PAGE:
Kentucky Health News
The University of Kentucky has received a $2.8 million competitive grant to establish a Rural Health Research Center that will focus on access to healthcare and substance abuse treatment in underserved rural areas of the United States, including Appalachia.
“These are very competitive grants that are only awarded every four years,” UK College of Public Health Professor Tyrone “Ty” Borders said in an interview. “We are the only center that received an award that was not previously funded, so we are now one of the seven centers nationally that has received funding for rural health research.”
The funding was awarded by the U.S. Health Resources and Services Administration‘s Rural Health Research Center Cooperative Agreement grant program and will award the university with $700,000 a year for four years. Borders will serve as the Rural Health Research Center’s project director.
“I was pleased to work with the University of Kentucky to support this important proposal,” Senate Majority Leader Mitch McConnell of Kentucky said in a news release. “The funding will be used by students and faculty at UK to research ways to address key health-care issues negatively impacting individuals in rural areas of Kentucky. The research conducted at the center will look at ways to reduce cost and strengthen access to rural health networks and methods to help rural physicians treat substance abuse and mental health disorders.”
Borders, who is also the editor of the Journal of Rural Health, said he has spent the past 20 years of his professional career focusing on rural health, especially rural access to primary care and substance abuse treatment.
“We are really building upon our expertise, and this grant will allow us to do even more research on rural health and healthcare,” he said.
Borders said the research will focus on rural healthcare access in underserved, impoverished areas across the nation, including Appalachia, rural areas in the Southwest and the Mississippi Delta, among others.
He noted a few of the projects the center will work on with the federal government during the first year, including ones that involve access to substance abuse treatment in rural areas; the role of primary care providers in rural areas, how they are expanding their scope of care and how this affects healthcare access; and the relationship between rural health departments and rural hospitals and how this relationship affects rural hospital’s financial viability.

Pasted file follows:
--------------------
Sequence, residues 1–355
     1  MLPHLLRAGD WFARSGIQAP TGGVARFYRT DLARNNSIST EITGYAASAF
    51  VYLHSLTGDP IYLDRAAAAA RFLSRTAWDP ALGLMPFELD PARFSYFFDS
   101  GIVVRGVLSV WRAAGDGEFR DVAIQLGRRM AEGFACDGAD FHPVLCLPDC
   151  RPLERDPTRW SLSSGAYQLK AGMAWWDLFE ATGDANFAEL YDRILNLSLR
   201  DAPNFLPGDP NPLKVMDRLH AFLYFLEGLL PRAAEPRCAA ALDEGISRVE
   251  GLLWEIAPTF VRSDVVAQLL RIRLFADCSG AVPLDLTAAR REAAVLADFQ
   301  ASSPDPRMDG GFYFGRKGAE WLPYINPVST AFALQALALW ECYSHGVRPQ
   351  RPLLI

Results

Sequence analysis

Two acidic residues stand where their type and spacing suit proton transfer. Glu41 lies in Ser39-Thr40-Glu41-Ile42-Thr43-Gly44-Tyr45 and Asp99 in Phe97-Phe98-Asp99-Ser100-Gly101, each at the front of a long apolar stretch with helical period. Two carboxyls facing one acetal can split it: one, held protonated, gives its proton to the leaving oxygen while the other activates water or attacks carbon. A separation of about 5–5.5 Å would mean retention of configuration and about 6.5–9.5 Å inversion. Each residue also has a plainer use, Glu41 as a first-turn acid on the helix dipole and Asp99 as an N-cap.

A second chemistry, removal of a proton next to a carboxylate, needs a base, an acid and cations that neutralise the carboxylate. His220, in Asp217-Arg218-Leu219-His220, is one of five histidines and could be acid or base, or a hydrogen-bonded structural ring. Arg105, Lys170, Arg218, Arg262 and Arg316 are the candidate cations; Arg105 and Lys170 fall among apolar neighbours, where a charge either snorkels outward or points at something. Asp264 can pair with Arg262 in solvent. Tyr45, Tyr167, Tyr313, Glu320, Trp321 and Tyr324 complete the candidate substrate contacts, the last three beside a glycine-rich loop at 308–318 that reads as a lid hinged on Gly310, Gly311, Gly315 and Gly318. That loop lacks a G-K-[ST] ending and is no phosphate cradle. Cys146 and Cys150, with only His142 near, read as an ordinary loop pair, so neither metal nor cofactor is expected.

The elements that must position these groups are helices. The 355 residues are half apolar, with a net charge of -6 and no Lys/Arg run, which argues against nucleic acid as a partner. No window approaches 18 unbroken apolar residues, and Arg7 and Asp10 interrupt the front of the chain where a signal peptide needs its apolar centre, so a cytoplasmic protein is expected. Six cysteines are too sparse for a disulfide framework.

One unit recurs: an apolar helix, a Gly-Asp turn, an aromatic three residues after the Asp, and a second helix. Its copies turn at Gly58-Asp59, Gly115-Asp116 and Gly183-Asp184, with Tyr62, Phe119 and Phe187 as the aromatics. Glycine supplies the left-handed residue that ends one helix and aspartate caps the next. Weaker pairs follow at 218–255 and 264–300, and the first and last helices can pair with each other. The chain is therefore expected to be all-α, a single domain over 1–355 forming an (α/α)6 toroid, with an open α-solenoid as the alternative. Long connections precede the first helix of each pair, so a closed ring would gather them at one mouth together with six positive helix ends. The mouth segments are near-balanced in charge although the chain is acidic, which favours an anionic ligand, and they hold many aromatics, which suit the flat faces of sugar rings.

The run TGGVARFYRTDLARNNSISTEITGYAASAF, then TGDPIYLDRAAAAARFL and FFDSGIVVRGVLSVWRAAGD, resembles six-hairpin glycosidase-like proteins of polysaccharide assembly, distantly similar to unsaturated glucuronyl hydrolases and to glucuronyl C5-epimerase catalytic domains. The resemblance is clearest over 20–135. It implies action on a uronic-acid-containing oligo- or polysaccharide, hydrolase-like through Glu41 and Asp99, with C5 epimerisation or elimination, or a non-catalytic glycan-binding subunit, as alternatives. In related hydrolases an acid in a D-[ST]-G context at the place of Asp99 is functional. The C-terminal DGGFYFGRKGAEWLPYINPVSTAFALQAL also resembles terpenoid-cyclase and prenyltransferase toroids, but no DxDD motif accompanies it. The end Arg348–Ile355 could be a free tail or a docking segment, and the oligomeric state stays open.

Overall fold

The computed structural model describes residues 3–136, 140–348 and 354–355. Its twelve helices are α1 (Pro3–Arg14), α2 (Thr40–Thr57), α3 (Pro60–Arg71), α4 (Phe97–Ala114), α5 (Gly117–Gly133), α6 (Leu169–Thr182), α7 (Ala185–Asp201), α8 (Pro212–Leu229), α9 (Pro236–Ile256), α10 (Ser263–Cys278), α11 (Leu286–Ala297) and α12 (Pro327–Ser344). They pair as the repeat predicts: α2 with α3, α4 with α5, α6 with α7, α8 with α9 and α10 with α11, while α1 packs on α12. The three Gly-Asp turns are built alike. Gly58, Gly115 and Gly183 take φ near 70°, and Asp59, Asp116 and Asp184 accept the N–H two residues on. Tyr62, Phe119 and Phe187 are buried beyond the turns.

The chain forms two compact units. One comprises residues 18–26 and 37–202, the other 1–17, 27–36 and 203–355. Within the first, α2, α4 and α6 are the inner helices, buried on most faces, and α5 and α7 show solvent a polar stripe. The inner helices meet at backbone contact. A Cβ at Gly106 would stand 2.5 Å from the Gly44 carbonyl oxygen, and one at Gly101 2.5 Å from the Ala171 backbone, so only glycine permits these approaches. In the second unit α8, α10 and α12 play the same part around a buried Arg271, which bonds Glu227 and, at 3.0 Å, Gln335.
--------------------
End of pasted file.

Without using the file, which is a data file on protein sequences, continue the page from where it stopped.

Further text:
“Another major aim of the center is to disseminate and translate information to the federal government and to other stakeholders, persons who are concerned about rural health policy issues,” he said.
When asked what he hoped the research center would achieve he said,”I want to be sure we are producing research that really is the best science so that we can inform the best decisions. And, I hope that the work that we produce, the results that we produce, will actually be used by decision makers to try to improve healthcare delivery and access.”
Borders added, “We’ve been doing quite a bit of work in the area of rural health research here at the University of Kentucky, but I don’t think we have really been sufficiently recognized for what we do in this area and having the center will certainly help, because we will have greater visibility as well as additional resources to conduct work in this area.”